A child's future bedtime story portrays a post-COVID world that learned from its mistakes

While the coronavirus pandemic is undeniably a devastating global crisis, it's also an unprecedented opportunity. A chance for humanity to take a pause. A chance for us to step back and examine the world we've built. A chance to decide if what we have to look back on is really the "normal" we want to return to.

This idea of reimagining normal is explored through a child's bedtime story in the now viral video called "The Great Realisation." Released on YouTube on April 29 by a new channel called Probably Tomfoolery, the video goes through four minutes of rhyming poetry that outlines where we were before the pandemic and where we end up in the future.


The Great Realisation youtu.be

The story is profound, beautiful, and most importantly, hopeful. It gives fulfilment to the desire so any of us have to not return to the normal that was, but to build a new normal that befits humanity true potential. And it does so in a way that doesn't preach or point fingers, but rather pushes us to think about what we want the world to look like on the other side of this pandemic.

Definitely worth four minutes of your time.

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Sir David Attenborough has one of the most recognized and beloved voices in the world. The British broadcaster and nature historian has spent most of his 94 years on Earth educating humanity about the wonders of the natural world, inspiring multiple generations to care about the planet we all call home.

And now, Attenborough has made a new name for himself. Not only has he joined the cool kids on Instagram, he's broken the record for reaching a million followers in the shortest period. It only took four hours and 44 minutes, which is less time than it took Jennifer Aniston, who held the title before him at 5 hours and 16 minutes.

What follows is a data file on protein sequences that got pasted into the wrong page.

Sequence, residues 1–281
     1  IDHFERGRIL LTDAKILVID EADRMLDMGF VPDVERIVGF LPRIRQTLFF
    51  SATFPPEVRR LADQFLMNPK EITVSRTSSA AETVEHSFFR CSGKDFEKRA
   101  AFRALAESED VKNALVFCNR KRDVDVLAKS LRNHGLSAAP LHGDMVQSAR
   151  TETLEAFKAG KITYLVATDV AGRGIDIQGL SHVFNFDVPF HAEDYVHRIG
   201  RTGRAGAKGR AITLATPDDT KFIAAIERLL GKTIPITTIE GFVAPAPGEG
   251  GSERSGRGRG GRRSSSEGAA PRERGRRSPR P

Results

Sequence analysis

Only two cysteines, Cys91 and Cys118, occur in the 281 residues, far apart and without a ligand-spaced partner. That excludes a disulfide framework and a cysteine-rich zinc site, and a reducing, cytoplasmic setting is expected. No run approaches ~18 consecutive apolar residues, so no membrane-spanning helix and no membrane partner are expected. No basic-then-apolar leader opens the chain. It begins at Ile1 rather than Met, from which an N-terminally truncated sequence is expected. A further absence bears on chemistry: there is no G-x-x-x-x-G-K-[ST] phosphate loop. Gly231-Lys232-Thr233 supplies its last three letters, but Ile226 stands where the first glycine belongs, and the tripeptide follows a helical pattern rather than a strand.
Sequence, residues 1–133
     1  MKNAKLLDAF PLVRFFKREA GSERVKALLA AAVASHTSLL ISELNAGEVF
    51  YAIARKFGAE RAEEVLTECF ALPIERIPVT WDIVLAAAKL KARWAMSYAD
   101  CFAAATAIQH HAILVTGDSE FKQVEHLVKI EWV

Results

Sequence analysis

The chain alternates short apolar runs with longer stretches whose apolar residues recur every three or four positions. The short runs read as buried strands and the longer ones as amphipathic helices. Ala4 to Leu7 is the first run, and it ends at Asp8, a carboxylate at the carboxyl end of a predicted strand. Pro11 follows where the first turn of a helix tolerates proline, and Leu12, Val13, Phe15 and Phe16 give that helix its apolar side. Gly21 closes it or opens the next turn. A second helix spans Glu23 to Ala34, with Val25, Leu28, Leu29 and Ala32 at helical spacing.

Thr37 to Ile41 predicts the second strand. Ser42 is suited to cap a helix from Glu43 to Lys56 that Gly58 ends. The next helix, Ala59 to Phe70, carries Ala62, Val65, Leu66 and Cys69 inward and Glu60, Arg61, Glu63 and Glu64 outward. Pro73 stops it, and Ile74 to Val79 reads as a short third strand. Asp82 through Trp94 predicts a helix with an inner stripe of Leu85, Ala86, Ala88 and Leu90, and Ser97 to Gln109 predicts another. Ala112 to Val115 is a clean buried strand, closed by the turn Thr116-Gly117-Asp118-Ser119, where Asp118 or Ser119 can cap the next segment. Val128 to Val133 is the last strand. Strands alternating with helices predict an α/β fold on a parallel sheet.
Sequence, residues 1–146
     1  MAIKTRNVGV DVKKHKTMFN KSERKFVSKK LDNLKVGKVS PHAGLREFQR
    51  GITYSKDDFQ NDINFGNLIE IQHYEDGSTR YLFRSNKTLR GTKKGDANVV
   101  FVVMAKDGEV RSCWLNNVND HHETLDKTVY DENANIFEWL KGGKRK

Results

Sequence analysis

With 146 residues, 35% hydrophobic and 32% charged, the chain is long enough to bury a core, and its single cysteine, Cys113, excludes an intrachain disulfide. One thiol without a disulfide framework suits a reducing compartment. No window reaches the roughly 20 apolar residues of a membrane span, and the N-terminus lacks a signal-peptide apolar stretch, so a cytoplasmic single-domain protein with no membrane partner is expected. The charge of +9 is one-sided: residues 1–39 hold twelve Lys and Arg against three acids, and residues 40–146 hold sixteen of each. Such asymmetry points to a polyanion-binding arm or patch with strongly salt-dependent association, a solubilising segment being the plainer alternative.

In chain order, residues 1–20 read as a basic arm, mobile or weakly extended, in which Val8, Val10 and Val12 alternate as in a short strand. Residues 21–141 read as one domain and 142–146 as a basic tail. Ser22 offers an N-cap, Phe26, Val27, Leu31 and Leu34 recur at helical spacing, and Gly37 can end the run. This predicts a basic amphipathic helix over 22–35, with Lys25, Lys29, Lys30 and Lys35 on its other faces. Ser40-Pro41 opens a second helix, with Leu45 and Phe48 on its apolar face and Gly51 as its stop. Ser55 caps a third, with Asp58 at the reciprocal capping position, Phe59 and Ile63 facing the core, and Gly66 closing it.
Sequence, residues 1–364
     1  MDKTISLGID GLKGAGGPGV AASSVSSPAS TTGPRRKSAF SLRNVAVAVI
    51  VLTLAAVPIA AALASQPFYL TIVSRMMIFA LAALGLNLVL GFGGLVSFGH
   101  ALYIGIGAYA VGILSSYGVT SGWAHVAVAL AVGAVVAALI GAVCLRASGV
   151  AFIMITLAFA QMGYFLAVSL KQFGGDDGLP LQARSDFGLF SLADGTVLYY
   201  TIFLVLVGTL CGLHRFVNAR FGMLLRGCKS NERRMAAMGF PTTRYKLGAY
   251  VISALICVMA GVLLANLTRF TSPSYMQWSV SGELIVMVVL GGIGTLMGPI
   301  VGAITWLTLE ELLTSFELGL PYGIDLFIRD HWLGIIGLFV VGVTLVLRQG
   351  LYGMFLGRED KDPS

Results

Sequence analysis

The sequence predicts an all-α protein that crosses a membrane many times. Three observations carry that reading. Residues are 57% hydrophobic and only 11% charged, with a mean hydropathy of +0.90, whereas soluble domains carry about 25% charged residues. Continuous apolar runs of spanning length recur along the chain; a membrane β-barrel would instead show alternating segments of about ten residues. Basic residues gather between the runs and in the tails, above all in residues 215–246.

A day later, Attenborough is sitting at a whopping 3.4 million followers. And he only has two Instagram posts so far, both of them videos. But just watch his first one and you'll see why he's attracted so many fans.

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And now Schwarzenegger wants to play a role in helping America, his adopted home, ensure that our 2020 election is safe, secure and available to everyone willing and able to vote.

Shortly after immigrating to America, Schwarzenegger rose up to become the most famous bodybuilder in history, turning what was largely a sideshow attraction into a legitimate sport. He then pivoted to an acting career, becoming Hollywood's highest paid star in a run that spanned three decades.


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One night in 2018, Sheila and Steve Albers took their two youngest sons out to dinner. Their 17-year-old son, John, was in a crabby mood—not an uncommon occurrence for the teen who struggled with mental health issues—so he stayed home.

A half hour later, Sheila's started getting text messages that John wasn't safe. He had posted messages with suicidal ideations on social media and his friends had called the police to check on him. The Albers immediately raced home.

When they got there, they were met with a surreal scene. Their minivan was in the neighbor's yard across the street. John had been shot in the driver's seat six times by a police officer who had arrived to check on him. The officer had fired two shots as the teen slowly backed the van out of the garage, then 11 more after the van spun around backward. But all the officers told the Albers was that John had "passed" and had been shot. They wouldn't find out until the next day who had shot and killed him.

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